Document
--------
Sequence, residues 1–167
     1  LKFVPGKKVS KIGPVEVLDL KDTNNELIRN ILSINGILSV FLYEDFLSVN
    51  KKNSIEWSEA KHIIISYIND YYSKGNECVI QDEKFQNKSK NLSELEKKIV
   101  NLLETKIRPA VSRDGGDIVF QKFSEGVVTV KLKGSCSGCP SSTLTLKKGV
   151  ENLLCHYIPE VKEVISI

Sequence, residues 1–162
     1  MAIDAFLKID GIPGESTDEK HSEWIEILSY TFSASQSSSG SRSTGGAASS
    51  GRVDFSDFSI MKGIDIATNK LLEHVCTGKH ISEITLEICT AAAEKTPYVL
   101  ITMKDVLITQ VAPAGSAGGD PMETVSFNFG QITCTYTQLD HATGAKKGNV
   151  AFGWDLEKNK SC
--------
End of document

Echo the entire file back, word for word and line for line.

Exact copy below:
Sequence, residues 1–167
     1  LKFVPGKKVS KIGPVEVLDL KDTNNELIRN ILSINGILSV FLYEDFLSVN
    51  KKNSIEWSEA KHIIISYIND YYSKGNECVI QDEKFQNKSK NLSELEKKIV
   101  NLLETKIRPA VSRDGGDIVF QKFSEGVVTV KLKGSCSGCP SSTLTLKKGV
   151  ENLLCHYIPE VKEVISI

Sequence, residues 1–162
     1  MAIDAFLKID GIPGESTDEK HSEWIEILSY TFSASQSSSG SRSTGGAASS
    51  GRVDFSDFSI MKGIDIATNK LLEHVCTGKH ISEITLEICT AAAEKTPYVL
   101  ITMKDVLITQ VAPAGSAGGD PMETVSFNFG QITCTYTQLD HATGAKKGNV
   151  AFGWDLEKNK SC